Great adventures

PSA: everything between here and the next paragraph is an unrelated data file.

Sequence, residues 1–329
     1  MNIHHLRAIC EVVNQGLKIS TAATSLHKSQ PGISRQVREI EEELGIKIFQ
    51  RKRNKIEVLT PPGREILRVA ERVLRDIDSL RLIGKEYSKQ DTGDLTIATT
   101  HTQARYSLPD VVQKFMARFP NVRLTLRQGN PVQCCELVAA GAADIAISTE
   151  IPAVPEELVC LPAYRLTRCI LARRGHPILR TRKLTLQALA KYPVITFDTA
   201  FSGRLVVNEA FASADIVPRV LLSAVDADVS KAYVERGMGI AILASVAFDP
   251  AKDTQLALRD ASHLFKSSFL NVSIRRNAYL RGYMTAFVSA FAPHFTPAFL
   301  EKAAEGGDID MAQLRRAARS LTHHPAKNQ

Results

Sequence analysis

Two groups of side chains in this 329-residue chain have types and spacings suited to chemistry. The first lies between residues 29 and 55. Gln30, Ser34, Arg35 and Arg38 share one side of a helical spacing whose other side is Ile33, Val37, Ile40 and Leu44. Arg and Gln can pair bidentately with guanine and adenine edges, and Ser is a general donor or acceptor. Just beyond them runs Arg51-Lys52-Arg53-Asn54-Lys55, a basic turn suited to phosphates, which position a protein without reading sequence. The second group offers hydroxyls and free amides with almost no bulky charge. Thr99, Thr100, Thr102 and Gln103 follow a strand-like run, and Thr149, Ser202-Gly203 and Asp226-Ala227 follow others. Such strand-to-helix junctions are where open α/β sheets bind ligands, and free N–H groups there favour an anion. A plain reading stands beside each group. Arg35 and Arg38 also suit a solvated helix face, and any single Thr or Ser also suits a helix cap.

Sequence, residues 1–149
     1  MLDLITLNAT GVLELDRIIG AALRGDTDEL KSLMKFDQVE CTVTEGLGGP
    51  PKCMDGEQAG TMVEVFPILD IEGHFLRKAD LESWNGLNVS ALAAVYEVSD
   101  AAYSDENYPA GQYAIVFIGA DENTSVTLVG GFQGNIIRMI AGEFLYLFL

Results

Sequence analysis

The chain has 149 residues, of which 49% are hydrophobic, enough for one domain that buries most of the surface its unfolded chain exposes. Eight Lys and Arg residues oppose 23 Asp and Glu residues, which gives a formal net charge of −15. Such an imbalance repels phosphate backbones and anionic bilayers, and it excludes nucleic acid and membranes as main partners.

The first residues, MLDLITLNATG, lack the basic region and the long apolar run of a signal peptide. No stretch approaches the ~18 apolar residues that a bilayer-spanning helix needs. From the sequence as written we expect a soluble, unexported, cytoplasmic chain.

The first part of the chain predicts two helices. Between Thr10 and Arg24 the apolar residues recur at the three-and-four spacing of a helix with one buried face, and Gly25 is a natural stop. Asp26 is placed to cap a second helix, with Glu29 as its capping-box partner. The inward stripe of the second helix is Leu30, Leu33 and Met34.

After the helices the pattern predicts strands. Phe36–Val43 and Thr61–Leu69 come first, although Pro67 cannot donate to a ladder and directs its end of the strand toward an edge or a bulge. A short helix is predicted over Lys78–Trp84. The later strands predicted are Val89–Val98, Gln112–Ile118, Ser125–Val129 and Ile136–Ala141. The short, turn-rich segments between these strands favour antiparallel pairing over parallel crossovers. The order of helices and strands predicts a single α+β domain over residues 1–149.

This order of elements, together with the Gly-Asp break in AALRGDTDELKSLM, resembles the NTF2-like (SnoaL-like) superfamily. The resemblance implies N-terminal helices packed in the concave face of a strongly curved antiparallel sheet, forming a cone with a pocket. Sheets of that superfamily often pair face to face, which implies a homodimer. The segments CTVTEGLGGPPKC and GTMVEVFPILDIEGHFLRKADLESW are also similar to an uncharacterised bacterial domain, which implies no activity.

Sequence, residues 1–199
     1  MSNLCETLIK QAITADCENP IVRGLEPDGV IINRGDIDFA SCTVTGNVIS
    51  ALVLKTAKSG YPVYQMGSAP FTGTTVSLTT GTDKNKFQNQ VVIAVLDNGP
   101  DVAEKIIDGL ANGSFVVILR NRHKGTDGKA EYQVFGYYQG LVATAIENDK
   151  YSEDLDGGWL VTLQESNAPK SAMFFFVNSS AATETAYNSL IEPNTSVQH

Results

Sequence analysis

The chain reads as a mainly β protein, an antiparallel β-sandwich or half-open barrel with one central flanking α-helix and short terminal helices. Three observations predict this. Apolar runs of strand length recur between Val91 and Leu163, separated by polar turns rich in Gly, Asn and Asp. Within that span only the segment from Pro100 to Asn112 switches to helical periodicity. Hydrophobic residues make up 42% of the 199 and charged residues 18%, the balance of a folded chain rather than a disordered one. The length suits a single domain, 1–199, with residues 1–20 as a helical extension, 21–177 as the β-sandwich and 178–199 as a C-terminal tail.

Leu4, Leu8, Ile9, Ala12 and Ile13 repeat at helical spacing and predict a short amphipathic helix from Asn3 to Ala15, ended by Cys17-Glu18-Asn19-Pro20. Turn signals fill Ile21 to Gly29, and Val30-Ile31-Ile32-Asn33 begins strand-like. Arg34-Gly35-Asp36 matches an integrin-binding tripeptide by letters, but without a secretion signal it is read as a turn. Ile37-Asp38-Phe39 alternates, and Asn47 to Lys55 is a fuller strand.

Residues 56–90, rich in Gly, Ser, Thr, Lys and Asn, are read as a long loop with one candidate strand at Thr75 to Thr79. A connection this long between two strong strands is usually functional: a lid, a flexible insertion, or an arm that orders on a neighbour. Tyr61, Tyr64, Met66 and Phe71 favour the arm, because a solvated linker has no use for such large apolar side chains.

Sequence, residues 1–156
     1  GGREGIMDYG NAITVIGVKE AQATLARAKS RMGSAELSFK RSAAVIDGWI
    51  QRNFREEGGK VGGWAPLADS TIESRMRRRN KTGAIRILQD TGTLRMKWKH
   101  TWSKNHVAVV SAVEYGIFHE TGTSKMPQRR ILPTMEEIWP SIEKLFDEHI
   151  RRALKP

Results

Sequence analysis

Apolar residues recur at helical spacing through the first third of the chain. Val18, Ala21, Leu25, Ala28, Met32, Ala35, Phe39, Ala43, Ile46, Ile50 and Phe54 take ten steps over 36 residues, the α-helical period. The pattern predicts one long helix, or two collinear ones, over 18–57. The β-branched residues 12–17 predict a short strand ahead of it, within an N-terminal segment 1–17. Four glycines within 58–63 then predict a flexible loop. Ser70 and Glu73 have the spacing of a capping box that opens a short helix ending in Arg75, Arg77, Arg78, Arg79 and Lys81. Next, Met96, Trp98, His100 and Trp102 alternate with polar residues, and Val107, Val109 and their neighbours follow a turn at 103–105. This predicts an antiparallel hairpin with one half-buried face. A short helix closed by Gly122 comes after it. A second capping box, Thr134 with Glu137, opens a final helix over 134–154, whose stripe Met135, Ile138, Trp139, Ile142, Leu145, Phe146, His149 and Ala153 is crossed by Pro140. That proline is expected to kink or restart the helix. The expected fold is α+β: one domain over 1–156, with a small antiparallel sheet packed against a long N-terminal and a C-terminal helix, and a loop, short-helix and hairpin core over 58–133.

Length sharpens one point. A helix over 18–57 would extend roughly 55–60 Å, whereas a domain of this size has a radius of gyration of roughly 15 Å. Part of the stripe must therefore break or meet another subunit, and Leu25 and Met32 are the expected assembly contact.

first_img 1Professors Louis Menand (from left), Stephen Greenblatt, Katharina Piechocki, Emma Dench, and Ned Hall meet each Monday over lunch to discuss the upcoming weekly lecture for their class, “The Humanities Colloquium: Essential Works 2.” 5At the museum, students saw works by Rembrandt and Sargent. 11On Mondays, the team meets over lunch. Professor Ned Hall (right) animatedly talks about his lecture topic, David Hume’s “Dialogues Concerning Natural Religion.” Teaching fellow Helen Cushman is on the left. 7Lauren Kopajtic (second from right), a doctoral candidate and head teaching fellow for Humanities 10b, brought the group to and from the museum by subway. 6The first stop was the iconic courtyard. 3A fragment of one leaf of the first known copy of Homer’s Iliad, from circa 1050-225 B.C. Stephanie Mitchell/Harvard Staff Photographer 10Students get a close-up look at “Birth of John the Baptist” 1475-1500, and “Madonna and Child Holding Dove,” late 16th century, by unidentified artists. This semester, students in “The Humanities Colloquium: Essential Works 2” (Humanities 10b) started with Samuel Beckett’s “Waiting for Godot” (1953) and ended with Homer’s “The Iliad” (circa 760–710 century B.C.). In between, they read Wolff, Dostoyevsky, Shelley, Hume, Shakespeare, Augustine, Herodotus, and others.The students also did the equivalent of playing outside. On class outings, they watched plays, pondered great art, considered medievalism, and peered at and paged through rare books at Houghton Library.Digital natives may read “King Lear” on a Kindle, but to see it in print, in a fragile quarto from 1608, sends an archaic thrill through the brain. Seeing a 2,000-year-old papyrus fragment of “The Iliad” does the same. So does a lingering look at a tiny painted icon from 15th-century Russia, “Birth of John the Baptist,” propped up on a table at the Harvard Art Museums.Digital natives may also scroll through yards of computer text on slavery and the Civil War. But watching the intimate tragedies of the era acted out on stage, as in “Father Comes Home From the Wars” at the Loeb Drama Center, is to feel and see as well as to read. Sudden insight leaps from the materiality of art: real voices, old books, and fraught paintings ― all meant to be experienced up close. 4In addition to sections and lectures, students sign up to attend plays and operas. This group recently visited the Isabella Stewart Gardner Museum in Boston. In the courtyard, museum tour guide Katherine Fein (left) talks to students including India Patel ’18 and Sohyun Yoon ’18. 12As presenter of the upcoming lecture, Ned Hall sits at the head of the table. 8Aaron Suduiko ’17, Claire Benoit ’17, and Nora Sagal ’18 discuss Dostoyevsky inside Greenblatt’s museum classroom. 9Matt Ricotta ’15 (left) and Nora Sagal ’18 listen as Stephen Greenblatt talks about art. 2Stephen Greenblatt and Louis Menand lead students to the seminar room of Houghton Library to see some of the treasures from the collections. Charlie Gibson ’18 (from left), Jane Chung ’15, Menand, India Patel ’18, Mitchell Edwards ’18, and Archie Stonehill ’17 examine a typescript of an unpublished play by Samuel Beckett from the 1950s. Stephanie Mitchell/Harvard Staff Photographerlast_img

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